Due to the renovation plans of the deteriorated building of Narodni dom, we had to remove the permanent collection Art in Slovenia. After careful preparation, we have put up the collection in the new wing of the National Gallery of Slovenia where, because of a different configuration of the rooms, new presentation possibilities have shown themselves and new, different connections between the exhibits have been made. This display is going to be on view up till the autumn of 2015, that is, until the renovation of the Narodni dom palace is completed. In the renovated original space, the collection will shine in a new light and according to contemporary museology standards. European Paintings collection is now on view in limited setup in the New wing exhibit hall. Based on a visitors' survey, the legends of some of the most popular works of art have been equipped with QR codes.
All works of art from the collections are still available to view on the National Gallery of Slovenia website. Please note that the visitor entrance is located only at Prešernova cesta 24. We apologize for any inconvenience caused.
The presentation of its collection of European paintings is an important milestone in the history of the National Gallery. For over thirty-five years this part of the stock had been buried in the depots. With additions and the latest findings we are now gratified to be able to present it to the public, which has been awaiting this event for a number of years. The efforts to again present a comprehensive picture of our institution go back over twenty years. That is how long the systematic research undertaken by Dr. Ksenija Rozman, in collaboration with Professor Federico Zeri, has been running. The findings were presented in three exhibitions, which included material from many Slovenian public collections. The exemplary scientific level of the research assured the authors international attention. The National Gallery can thus be said to have fulfilled its mission as the leading national institution.
In the late eighties it became possible to mount the collection. The work completed up to that time had produced sufficient results to enable the Gallery to plan and realise new premises. An agreement with the Slovenian government of the time enabled the National Gallery to round off its collection with works in the possession of the state administration and a wide variety of state institutions. Unfortunately, since 1990 new interpretations of this agreement have been put forward, so that the question of the status of some of the material covered under this title has still not been conclusively determined.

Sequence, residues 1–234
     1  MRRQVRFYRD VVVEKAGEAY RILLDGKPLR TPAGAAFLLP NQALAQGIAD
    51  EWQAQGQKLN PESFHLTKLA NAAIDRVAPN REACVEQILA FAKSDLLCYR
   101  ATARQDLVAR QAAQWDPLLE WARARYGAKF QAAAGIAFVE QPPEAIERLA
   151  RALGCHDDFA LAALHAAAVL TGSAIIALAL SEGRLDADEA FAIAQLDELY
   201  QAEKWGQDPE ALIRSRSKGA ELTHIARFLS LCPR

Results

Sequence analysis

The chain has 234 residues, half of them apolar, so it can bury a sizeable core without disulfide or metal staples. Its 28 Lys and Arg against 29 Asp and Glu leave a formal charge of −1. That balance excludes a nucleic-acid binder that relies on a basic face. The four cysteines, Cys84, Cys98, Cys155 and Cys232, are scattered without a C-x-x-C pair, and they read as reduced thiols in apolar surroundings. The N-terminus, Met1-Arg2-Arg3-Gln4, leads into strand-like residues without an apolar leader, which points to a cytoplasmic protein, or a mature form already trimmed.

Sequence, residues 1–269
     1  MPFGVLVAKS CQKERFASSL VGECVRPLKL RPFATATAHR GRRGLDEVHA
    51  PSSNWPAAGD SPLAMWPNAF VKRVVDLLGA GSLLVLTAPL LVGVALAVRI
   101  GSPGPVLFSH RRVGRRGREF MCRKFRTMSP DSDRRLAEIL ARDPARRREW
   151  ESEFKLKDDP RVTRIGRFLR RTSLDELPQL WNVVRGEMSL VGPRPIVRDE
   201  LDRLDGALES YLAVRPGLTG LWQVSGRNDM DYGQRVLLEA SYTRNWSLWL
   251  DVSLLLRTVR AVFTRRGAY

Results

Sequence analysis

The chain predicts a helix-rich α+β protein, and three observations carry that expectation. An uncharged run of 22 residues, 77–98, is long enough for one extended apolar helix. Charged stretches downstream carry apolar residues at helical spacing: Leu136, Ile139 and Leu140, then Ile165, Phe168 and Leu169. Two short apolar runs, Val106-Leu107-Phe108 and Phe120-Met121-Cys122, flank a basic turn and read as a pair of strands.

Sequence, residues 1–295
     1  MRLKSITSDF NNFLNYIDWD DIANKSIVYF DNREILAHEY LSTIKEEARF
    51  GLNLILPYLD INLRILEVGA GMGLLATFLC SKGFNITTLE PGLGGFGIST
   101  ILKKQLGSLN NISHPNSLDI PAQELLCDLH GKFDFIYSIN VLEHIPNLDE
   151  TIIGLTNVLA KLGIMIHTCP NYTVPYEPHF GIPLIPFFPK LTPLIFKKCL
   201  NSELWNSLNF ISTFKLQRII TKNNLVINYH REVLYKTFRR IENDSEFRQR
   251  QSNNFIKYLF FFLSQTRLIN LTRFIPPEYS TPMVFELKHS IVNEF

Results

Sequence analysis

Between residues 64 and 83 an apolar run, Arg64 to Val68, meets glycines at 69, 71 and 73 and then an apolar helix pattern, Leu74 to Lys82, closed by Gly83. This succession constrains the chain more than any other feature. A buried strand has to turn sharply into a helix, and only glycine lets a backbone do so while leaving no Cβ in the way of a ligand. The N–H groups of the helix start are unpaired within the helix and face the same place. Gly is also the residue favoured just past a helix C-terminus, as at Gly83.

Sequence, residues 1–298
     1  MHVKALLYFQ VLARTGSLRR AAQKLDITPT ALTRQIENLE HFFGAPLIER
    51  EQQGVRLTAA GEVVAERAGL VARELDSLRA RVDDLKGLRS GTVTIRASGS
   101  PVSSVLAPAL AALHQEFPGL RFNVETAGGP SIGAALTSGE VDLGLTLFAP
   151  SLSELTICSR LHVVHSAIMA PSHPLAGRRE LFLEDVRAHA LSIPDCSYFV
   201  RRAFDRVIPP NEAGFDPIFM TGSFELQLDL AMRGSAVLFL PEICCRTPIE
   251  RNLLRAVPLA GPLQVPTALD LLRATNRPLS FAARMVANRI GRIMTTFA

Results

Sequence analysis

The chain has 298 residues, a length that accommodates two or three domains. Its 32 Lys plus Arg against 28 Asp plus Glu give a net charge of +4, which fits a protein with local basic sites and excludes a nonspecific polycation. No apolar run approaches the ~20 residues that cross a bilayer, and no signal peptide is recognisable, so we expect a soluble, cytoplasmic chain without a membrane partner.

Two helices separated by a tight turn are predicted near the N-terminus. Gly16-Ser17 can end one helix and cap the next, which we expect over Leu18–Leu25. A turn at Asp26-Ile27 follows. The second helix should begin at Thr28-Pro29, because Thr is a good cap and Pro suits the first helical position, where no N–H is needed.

From the point of view of our profession there is no doubt. If the government takes its services seriously enough and is prepared to ensure the public interest without keeping its fingers crossed behind its back, then the material in the keeping of the public administration must be subjected to selection on a scientific basis and should be in professional custody, in view of its established importance as part of the national artistic heritage. It is clear that the State requires representative official premises, but it will have to make an effort and invest in the purchase of appropriate furnishings. I hope that we will soon see a government generous enough to make a reasonable response to the calls from professional circles and the enlightened public.
The present catalogue of the new permanent collection sets a new professional standard for the treatment of works which should be accessible to the public at all times. The editor and co-author has been able to achieve this in the course of the three exhibitions held so far. A catalogue of this kind is obviously not the place for personal views and the discussion of individual topical problems, the catalogue items have been produced according to the principles in use in reference literature. They provide basic and authenticated information and an overview of the most important theories, thus enabling those interested to undertake further searches. We hope to be able to provide the same service for that part of the collection which we used to describe as »local« art.
Contemporary museum work is not without its methodological difficulties and we have been aware of them for some time. With the presentation of our collection of European paintings the question of the classification of the fund into a »Slovenian« and a »European« part has again arisen. From the point of view of cultural history there can be no doubts, but as regards aesthetics and art criticism there are a number of questions to which we do not (as yet) have unequivocal answers. To impoverish one in favour of the other, or deprive the latter in favour of the former, incorporate everything into one collection, divide the holdings into smaller collections on the basis of one definition or another – such questions are likely to occupy the profession for some time yet, and undoubtedly the arguments will increase the efficiency of the presentation of the Gallery’s collections, provide more in-depth interpretations and benefit the art history profession in general. The fact that the international collection will also finally be available to the public indisputably remains a historical milestone.